How much do you know about civil court proceedings and judgments? If you are like most people, your knowledge is limited. You might not realize that a judgment is a court decision, for example. You also might not know that winning a judgment doesn’t bring your case to a close. It actually ushers in a whole new legal process dictating how enforcement proceeds.
In respect to civil judgments, enforcement is essentially collection. Courts enter judgments against one party and in favor of the other. Those judgments often include financial debts and expenses. But issuing the judgment is as far as a court goes. A court generally won’t get involved in collection efforts.
Despite the court’s lack of involvement, enforcement is still governed by a strict set of rules. Collection is a legal process as much as a financial one. That’s why it pays to hire an experienced judgment collection agency rather than trying to collect in-house.
There Are Timelines to Consider
Among the many hallmarks of the legal system are timelines and deadlines. Suffice it to say that there is no shortage of either one with respect to collecting judgments. From the very moment the judge’s gavel falls to bring a case to conclusion, the very first timeline event begins.
Most states require judgment creditors to wait a certain amount of time before they can begin gathering information from the debtor. On average, this is anywhere from 21-30 days, but it varies from one state to the next. Why the delay? To give the debtor time to decide whether to appeal.
As enforcement proceeds, you quickly discover just how many additional time-sensitive events come in to play. From information discovery to garnishment to placing liens on property, everything is governed by time in the legal system.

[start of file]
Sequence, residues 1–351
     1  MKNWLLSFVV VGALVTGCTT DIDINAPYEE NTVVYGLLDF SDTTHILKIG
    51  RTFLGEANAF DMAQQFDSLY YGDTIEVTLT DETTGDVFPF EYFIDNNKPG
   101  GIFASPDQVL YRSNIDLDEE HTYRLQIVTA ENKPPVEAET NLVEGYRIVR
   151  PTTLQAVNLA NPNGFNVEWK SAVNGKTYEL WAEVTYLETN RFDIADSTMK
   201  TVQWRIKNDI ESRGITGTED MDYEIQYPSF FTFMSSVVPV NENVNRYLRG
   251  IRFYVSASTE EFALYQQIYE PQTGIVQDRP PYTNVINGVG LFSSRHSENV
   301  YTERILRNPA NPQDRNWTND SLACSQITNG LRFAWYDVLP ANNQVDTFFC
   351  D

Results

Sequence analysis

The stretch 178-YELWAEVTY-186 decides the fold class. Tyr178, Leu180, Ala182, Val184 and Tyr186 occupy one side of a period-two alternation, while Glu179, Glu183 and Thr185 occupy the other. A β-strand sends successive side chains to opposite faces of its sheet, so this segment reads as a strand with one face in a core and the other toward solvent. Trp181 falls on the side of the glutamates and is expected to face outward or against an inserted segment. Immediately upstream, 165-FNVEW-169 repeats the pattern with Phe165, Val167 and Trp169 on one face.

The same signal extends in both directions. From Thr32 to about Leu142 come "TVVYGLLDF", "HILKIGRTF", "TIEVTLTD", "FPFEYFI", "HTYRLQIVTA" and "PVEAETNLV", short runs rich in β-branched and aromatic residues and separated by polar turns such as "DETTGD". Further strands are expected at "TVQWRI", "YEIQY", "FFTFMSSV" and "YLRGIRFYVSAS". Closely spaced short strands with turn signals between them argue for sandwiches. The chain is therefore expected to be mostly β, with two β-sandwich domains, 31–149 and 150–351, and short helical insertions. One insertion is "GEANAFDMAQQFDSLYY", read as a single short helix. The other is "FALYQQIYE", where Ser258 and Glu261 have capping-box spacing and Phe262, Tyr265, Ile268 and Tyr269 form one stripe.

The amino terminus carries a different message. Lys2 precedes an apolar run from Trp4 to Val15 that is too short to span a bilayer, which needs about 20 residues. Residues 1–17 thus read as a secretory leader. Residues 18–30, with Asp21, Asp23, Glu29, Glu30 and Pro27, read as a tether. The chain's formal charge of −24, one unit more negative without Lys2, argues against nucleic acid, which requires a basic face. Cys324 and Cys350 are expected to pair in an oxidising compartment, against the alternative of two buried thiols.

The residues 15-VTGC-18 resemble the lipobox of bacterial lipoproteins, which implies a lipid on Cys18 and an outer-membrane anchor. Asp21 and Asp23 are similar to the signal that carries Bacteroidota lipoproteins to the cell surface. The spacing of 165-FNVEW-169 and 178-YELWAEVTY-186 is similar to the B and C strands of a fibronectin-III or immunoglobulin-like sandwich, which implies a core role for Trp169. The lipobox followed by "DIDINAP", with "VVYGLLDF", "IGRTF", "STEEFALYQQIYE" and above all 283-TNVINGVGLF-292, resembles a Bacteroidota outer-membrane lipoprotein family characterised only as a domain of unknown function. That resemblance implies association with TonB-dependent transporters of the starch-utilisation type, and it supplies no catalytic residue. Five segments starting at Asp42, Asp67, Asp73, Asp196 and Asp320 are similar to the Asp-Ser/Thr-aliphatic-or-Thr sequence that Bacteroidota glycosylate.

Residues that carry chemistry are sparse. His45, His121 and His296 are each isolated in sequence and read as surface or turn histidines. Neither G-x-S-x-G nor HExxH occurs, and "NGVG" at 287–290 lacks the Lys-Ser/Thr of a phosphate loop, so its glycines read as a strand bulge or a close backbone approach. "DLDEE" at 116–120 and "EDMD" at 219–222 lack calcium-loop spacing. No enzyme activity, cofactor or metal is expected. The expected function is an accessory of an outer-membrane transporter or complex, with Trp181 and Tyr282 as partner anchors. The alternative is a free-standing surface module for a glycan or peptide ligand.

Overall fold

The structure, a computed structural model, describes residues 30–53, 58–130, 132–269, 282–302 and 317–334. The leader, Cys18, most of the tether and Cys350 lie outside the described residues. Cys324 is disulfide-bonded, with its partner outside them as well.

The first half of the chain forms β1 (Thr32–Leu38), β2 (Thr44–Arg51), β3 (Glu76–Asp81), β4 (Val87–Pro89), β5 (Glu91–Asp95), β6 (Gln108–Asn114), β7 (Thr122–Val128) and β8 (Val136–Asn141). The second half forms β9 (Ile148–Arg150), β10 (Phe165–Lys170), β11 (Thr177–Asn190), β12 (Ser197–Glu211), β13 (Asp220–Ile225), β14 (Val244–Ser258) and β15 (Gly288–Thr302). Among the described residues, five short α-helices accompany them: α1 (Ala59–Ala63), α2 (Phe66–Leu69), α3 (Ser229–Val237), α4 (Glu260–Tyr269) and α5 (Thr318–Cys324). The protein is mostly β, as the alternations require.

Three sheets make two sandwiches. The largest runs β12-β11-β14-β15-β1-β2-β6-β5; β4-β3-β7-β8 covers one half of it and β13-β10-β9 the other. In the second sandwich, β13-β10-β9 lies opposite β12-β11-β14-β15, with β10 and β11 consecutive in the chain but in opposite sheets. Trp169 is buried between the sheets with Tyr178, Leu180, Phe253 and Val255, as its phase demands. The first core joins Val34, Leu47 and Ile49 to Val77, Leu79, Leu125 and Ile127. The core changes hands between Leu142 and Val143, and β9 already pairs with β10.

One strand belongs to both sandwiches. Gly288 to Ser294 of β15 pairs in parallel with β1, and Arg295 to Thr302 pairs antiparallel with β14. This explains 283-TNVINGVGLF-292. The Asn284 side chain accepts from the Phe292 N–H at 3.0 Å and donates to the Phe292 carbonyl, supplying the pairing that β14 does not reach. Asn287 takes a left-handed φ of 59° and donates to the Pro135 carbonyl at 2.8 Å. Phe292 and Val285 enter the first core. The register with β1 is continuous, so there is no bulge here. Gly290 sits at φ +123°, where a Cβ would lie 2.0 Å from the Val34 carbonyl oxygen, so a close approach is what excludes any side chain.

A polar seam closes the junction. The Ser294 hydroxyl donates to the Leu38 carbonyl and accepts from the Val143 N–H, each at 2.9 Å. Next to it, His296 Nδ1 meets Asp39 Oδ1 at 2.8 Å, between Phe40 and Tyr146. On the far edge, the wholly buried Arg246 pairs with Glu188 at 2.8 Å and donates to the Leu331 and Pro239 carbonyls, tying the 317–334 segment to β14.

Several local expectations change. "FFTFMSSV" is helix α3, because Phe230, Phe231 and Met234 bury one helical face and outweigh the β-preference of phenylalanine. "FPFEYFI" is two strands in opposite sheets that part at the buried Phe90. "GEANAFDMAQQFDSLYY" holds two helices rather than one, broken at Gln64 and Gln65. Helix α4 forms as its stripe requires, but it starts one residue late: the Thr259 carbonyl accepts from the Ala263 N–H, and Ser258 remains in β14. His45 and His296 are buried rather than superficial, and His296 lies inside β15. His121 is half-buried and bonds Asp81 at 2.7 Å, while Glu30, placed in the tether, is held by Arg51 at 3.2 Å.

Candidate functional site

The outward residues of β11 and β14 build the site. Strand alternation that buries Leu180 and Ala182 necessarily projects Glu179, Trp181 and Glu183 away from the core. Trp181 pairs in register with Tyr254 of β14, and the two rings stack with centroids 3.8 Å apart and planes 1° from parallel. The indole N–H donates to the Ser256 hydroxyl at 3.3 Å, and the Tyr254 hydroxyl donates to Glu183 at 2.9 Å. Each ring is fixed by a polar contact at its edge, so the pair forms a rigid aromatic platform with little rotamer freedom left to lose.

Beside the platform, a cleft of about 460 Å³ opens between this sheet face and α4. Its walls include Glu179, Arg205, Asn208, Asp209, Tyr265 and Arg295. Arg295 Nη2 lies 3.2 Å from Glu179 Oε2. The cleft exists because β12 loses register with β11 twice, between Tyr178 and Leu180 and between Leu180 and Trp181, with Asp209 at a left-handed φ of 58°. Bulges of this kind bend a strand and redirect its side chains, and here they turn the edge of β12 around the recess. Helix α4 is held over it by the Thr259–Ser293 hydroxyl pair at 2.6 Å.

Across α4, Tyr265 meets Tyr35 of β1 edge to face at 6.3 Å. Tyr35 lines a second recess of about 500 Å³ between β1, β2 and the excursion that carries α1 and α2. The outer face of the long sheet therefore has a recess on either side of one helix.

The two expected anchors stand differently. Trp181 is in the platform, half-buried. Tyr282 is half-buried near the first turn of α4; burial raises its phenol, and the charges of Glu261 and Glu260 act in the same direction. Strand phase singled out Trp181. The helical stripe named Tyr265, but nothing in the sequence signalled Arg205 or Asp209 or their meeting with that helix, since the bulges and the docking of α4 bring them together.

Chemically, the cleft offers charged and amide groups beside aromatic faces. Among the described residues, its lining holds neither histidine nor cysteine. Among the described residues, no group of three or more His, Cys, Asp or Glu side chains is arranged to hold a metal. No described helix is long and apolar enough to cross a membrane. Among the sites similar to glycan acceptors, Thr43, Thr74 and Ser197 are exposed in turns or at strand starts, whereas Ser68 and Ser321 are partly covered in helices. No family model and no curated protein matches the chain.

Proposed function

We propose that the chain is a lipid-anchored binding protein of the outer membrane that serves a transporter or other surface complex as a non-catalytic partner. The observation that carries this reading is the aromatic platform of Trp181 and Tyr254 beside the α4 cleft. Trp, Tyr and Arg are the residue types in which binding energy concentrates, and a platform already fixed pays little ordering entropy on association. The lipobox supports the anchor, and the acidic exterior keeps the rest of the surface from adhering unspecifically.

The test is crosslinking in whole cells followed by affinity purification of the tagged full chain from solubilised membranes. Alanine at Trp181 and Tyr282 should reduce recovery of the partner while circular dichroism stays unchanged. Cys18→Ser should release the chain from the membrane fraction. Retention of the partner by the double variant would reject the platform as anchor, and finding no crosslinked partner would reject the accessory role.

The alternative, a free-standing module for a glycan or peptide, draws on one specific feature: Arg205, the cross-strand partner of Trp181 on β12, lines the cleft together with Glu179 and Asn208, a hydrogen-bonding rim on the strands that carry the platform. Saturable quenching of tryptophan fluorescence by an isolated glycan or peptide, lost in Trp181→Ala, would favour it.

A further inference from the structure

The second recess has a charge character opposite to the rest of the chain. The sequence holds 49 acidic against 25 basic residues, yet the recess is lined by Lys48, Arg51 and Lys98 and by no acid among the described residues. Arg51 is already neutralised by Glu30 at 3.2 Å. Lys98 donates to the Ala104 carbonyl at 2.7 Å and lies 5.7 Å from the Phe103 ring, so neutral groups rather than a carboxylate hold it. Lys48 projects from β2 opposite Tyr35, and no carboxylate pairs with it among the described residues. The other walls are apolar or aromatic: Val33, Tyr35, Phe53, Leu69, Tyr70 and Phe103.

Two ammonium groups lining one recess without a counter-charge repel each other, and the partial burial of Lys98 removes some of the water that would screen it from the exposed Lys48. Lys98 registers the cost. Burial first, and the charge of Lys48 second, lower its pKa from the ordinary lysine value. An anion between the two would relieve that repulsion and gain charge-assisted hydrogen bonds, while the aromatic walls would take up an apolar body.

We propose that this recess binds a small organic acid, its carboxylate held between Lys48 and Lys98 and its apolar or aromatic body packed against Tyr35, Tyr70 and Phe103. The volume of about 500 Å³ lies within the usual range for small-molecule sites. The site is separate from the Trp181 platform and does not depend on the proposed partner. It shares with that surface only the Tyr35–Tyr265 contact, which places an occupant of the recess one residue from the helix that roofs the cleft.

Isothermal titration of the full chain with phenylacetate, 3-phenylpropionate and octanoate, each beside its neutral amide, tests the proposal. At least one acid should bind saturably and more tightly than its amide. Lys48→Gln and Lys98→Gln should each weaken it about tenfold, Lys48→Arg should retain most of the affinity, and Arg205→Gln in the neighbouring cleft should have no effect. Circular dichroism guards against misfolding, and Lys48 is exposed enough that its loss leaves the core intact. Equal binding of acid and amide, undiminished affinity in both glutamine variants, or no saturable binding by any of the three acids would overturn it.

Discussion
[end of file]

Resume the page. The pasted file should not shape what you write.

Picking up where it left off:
There Are Processes to Follow
Time-sensitive matters aside, judgment collectors are also forced to follow certain processes for just about everything. For example, it is expected that debtors will cooperate by providing personal, contact, and employment information to creditors. Any refusal to do so could result in the court scheduling a hearing and forcing the debtor to appear. A failure to appear could result in a bench warrant issued for the debtor’s arrest.
Here is the thing: you cannot jump from the end of the appeal period right to a bench warrant. You need to go through each step of the process in order to give the debtor every opportunity to cooperate. The bench warrant is a last resort option for compelling the debtor to provide the requested information.
There Are Laws to Follow
Rounding things out are the many laws that determine how creditors, collection agencies, and attorneys can go about securing payment. Federal and state laws work together to prevent creditors and their representatives from attempting to collect in ways that would be considered harassment. Creditors and their representatives need to be incredibly careful.
Likewise, states that allow garnishing wages and bank accounts tend to regulate garnishment somewhat differently. As a judgment collection agency, we couldn’t simply contact a debtor’s employer and request garnishment. The proper paperwork needs to be drawn up. It needs to be delivered to the debtor’s employer by the county sheriff.
Civil legation resulting in judgments is a defined legal process. So is judgment enforcement. A judgment in your favor might technically end the court case, but it opens up an entirely new legal process that governs exactly how you will go about collecting. If for no other reason, that should be motivation enough to let Judgment Collectors handle things on your behalf.